There was an increase in the number of people killed on Scotland’s roads last year despite a fall in the number of accidents resulting in injuries, the latest figures show.
Transport Scotland’s provisional statistics for last year show there were 168 fatalities, an increase of seven from 2018.
In 2019, there were 5,686 accidents in which someone was killed or injured, 12% fewer than in 2018 and the lowest number since records began.
A total of 2,001 people were seriously injured in 2019, though changes in the recording system mean this cannot be directly compared to previous years.
The number of child casualties fell by 1% to 759, including two fatalities and 196 who were seriously injured.
Deaths among cyclists rose by two to eight, while pedestrian fatalities rose by 12 to 46.
The figures mean Scotland is on track to meet national targets for reducing casualties by 2020.
Despite the rise in 2019, the number of people killed has reduced by 42% from the baseline years between 2004 and 2008, with the target being 40%.
On average, there were two children killed each year between 2017 and 2019, a reduction of 85% from the baseline. The target is for a 50% reduction.
Noting a fall in the overall number of casualties, the report said: “There was a total of 7,594 road casualties reported in 2019.
“This is 830 or 10% fewer than 2018 and the lowest number of casualties since annual records began in 1950.”
Transport Secretary Michael Matheson said: “These figures for 2019 show that yet again, overall road casualties on Scotland’s roads remain at their lowest levels since records began.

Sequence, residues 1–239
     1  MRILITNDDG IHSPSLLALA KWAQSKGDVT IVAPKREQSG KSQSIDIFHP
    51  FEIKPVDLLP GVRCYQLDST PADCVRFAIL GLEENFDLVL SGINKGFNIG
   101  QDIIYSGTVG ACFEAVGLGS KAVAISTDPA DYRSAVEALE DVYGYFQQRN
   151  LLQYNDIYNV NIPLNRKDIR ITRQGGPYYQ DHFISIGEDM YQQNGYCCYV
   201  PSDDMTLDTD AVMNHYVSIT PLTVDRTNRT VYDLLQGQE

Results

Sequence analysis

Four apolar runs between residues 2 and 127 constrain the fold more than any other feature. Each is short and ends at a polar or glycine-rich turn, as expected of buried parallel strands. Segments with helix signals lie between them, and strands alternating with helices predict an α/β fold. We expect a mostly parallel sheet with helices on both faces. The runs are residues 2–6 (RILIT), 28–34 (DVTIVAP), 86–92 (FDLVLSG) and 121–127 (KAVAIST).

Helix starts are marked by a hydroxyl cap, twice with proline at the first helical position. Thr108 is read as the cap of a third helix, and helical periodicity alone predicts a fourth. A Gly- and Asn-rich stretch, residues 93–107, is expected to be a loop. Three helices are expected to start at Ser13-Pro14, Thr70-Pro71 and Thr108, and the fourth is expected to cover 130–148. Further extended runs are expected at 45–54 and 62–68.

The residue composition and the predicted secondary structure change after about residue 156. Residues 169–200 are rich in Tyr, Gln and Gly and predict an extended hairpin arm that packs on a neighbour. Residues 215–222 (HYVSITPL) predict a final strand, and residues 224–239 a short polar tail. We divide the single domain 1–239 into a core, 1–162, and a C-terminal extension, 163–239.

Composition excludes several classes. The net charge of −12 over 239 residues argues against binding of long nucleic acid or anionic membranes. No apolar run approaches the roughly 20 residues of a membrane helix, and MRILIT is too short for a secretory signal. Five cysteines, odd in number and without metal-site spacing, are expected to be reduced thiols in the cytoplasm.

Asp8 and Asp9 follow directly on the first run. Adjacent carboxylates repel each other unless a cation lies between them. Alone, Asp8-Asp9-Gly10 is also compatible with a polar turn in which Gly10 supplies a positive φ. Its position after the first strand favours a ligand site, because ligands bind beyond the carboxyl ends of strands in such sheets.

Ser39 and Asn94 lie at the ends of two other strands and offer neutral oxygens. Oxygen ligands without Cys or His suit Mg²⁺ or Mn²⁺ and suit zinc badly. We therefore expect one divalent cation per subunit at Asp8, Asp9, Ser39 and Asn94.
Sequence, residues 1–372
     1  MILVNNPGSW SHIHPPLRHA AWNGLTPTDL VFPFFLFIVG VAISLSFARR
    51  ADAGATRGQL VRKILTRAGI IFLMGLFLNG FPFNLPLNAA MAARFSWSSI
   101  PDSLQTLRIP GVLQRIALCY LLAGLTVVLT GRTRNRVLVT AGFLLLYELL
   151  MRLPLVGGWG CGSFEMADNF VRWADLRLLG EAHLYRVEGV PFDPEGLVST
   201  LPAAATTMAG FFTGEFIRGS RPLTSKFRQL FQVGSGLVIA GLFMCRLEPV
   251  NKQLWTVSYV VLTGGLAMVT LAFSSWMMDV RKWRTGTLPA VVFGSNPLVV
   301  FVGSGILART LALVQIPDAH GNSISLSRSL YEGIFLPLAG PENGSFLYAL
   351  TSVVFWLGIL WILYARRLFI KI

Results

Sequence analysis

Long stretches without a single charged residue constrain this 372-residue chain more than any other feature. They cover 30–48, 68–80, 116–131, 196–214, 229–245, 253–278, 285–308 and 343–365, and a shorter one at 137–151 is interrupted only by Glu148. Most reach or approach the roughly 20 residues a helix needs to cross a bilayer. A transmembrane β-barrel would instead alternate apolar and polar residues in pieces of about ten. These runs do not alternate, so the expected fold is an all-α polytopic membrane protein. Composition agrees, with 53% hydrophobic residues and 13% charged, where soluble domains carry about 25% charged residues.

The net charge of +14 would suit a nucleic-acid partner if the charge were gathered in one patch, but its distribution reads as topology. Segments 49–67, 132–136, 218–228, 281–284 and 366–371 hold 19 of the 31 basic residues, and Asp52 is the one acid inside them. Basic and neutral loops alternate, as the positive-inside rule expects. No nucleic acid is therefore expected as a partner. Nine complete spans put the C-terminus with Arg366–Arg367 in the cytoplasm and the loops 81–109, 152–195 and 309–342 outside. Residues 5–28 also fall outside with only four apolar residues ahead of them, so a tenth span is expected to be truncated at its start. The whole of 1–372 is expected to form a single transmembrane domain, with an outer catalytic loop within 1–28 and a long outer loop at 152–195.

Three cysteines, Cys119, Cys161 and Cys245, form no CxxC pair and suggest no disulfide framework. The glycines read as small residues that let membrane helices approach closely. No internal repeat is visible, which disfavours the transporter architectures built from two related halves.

“Sadly, it remains the case that from this lower total number of casualties, more people have died on Scotland’s roads compared to last year.
“While we are on track to exceed our reduction target for fatal collisions, I know that this offers no comfort to the friends and family of those who have tragically lost their lives.”
He added: “Road safety partners remain determined to achieve our Vision Zero ambition – where no-one is killed on Scotland’s roads.
“Later this year, we will consult on a new Road Safety Framework for the next decade, which will have a renewed focus on pedestrians and cyclists, as recommended by the newly adopted Stockholm Declaration, and will ensure our road safety vision is informed by the latest thinking to help keep all road users safe.”